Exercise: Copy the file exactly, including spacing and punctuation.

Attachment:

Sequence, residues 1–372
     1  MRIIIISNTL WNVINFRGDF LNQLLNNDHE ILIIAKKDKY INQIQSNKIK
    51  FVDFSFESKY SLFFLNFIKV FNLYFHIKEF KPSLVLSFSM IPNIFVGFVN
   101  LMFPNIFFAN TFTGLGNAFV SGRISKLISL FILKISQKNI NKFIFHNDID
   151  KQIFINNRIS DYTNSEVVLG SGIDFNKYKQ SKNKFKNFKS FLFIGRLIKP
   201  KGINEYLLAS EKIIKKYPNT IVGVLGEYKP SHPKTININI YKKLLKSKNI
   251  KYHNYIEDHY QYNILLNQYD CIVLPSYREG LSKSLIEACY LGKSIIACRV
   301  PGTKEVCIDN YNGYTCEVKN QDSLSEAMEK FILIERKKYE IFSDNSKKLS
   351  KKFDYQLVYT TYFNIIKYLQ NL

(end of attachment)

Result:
Sequence, residues 1–372
     1  MRIIIISNTL WNVINFRGDF LNQLLNNDHE ILIIAKKDKY INQIQSNKIK
    51  FVDFSFESKY SLFFLNFIKV FNLYFHIKEF KPSLVLSFSM IPNIFVGFVN
   101  LMFPNIFFAN TFTGLGNAFV SGRISKLISL FILKISQKNI NKFIFHNDID
   151  KQIFINNRIS DYTNSEVVLG SGIDFNKYKQ SKNKFKNFKS FLFIGRLIKP
   201  KGINEYLLAS EKIIKKYPNT IVGVLGEYKP SHPKTININI YKKLLKSKNI
   251  KYHNYIEDHY QYNILLNQYD CIVLPSYREG LSKSLIEACY LGKSIIACRV
   301  PGTKEVCIDN YNGYTCEVKN QDSLSEAMEK FILIERKKYE IFSDNSKKLS
   351  KKFDYQLVYT TYFNIIKYLQ NL